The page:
Marines, Soldiers, and Sailors: Home from the Islands

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It’s been a couple of weeks since I arrived home from traveling all over the Pacific Islands with 7 Marines, Sailors, and Soldiers, who fought and spilled blood there 74 years ago.

It was a magical 10 days.

Sponsored by the Best Defense Foundation, we stood atop Mt. Suribachi and watched a Marine point to where he had landed on February 19, 1945. We walked along the side of Suicide Cliffs in Saipan and listened as a former Army Lt. Col. and Green Beret explained what it was like to see hundreds of misguided natives willingly throw themselves over the cliffs rather than fall into the hands of the Americans. And we picked up pieces of the tarmac on which the Enola Gay made her famous voyage, changing the course of history forever.

Even as I write now, I am getting chills up my arms.

There is obviously much to tell. For now, I will give you a sampling of photos, with hopefully more to come in the future.


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Rondo Scharfe. 16 year old Coxswain at Iwo Jima. His landing craft was hit just as he approached the beach. 17 of the 36 Marines on board were immediately killed. Rondo's sternum was split open, his front teeth were knocked out, and his nose was broken. In the chaos, and not aware of his injuries except that he had a huge pain in his chest, Rondo kept telling himself that, "16 was too young to have a heart attack. Just too young to have a heart attack." Before he bled out, someone grabbed him and pulled him ashore where he was saved.

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Fred Harvey, USMC, landed on February 19, 1945 with the 5th Marine Division. He made it 7 days before being seriously wounded after taking 3 Japanese grenades in his foxhole. Fred was evacuated off the island and spent the rest of the war in a body cast in hospital. Later on, Fred received the Silver Star for his bravery during a night patrol early on in the invasion of Iwo, when he was left to defend himself and a wounded comrade after being ambushed by the Japanese.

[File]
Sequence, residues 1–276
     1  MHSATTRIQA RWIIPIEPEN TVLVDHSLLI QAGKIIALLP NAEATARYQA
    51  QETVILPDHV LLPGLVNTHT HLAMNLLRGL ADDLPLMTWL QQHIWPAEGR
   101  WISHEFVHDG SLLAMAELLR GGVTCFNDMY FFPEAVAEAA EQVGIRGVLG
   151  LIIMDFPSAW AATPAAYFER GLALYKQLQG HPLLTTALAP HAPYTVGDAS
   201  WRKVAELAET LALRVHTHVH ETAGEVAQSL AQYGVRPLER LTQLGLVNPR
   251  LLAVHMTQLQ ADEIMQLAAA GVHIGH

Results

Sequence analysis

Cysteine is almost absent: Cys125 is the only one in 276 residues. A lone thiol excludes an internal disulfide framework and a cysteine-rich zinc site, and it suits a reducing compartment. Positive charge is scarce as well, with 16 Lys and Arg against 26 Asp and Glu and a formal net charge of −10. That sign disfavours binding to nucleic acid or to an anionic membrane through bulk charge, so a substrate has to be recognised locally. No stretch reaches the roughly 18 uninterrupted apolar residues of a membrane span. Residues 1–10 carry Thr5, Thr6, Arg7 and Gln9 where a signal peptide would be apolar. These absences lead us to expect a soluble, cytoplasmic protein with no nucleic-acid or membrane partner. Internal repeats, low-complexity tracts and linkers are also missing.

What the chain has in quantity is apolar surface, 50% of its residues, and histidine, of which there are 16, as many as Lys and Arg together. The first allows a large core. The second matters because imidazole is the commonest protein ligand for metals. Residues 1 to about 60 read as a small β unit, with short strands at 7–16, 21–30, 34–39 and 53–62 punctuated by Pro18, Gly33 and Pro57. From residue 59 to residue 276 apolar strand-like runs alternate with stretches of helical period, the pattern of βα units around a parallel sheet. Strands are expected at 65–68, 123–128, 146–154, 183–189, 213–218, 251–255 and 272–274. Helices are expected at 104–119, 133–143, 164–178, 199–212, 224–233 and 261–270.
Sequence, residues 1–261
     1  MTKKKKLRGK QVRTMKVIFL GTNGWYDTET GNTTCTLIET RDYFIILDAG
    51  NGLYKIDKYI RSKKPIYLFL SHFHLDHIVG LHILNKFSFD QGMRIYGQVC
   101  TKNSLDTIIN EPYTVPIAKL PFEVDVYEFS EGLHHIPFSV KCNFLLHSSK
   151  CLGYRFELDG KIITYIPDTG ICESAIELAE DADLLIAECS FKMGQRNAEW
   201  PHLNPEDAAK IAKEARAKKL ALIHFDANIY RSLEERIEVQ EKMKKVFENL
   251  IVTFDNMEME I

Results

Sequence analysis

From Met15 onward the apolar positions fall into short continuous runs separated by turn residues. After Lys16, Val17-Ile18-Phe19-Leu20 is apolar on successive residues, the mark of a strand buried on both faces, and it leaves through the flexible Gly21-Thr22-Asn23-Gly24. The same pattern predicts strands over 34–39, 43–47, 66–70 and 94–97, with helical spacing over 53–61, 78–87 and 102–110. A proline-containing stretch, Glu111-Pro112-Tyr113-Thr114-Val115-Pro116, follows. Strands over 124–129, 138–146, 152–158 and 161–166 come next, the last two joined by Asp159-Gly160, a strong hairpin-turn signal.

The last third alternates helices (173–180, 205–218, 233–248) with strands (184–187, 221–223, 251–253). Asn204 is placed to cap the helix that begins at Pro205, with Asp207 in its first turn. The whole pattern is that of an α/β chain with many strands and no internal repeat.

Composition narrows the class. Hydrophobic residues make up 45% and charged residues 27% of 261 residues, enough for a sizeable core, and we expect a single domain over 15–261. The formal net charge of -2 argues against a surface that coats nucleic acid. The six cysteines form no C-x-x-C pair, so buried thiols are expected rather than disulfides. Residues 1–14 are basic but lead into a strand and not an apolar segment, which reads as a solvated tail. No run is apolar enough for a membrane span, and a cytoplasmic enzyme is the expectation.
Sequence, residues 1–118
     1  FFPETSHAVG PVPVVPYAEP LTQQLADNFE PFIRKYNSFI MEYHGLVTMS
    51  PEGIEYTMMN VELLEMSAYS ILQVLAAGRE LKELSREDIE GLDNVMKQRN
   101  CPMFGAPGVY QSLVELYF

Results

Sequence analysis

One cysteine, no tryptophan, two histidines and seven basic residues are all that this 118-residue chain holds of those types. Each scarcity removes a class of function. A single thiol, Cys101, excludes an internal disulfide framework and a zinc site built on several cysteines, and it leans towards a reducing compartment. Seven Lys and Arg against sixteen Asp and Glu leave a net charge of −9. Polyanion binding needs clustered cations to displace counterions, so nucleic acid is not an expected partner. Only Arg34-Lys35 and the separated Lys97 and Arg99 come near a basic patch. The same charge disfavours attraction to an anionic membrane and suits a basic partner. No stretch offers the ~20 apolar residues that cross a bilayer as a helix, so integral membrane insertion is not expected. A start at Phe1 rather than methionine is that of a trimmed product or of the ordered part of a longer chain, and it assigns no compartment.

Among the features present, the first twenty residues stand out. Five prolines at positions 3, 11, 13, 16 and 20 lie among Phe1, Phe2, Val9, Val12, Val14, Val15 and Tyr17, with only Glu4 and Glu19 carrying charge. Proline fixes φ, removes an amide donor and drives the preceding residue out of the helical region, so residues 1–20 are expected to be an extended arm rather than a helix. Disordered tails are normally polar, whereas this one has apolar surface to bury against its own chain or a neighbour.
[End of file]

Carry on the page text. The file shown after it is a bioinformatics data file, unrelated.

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Same Flag, 14 Years Apart:

On top of Mt. Suribachi with Iwo Jima Survivor Fred Harvey, 5th Marine Division. Fred and I are holding the SAME flag that my brothers brought to Iwo Jima 14 years ago, when they were 10 and 12 years old. So grateful to the Best Defense Foundation for making this special moment possible.


More to follow shortly…

And More Honor Flight (anecdotes from a week with my vets)

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Following Armed Forces Day, thanks to the kindness of dear friends and family, I was able to stay in the D.C. area for another week and a half greeting Honor Flights that came in. During that time, I was privileged to meet a grand total of 22 Flights and nearly 1,350 veterans (ages 70-101) from all over the United States. If the numbers sound crazy, they are a little. But 100% true. That is the beauty of Honor Flight. It brings together an incredible group of Americans for a united cause. A 100 year old Flyboy wants to see his Memorials in D.C.? Honor Flight can do it!

Here are "just a few" of my favorite moments from Honor Flight Week.

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H U M I L I T Y / If you ask pretty much any WW2 veteran about his service in the war, he will probably tell you (with genuine modesty), "I was only doing what we had to do."

B-24 waist gunner, Mr. H., was even a little more self-deprecating than that when he told me that the 9 months he spent in a German POW camp was, "nothing compared to some of the other guys." Despite the lack of food and poor living he experienced at the hand of the Germans (who were themselves starving), he just didn't think it was that significant. Especially, he said, compared to other POWS like Senator John McCain.

Whether he considers himself to be worthy of the title POW or not is for him to decide. But there is no doubt that this man served our country bravely and well. It was an honor to meet this humble American.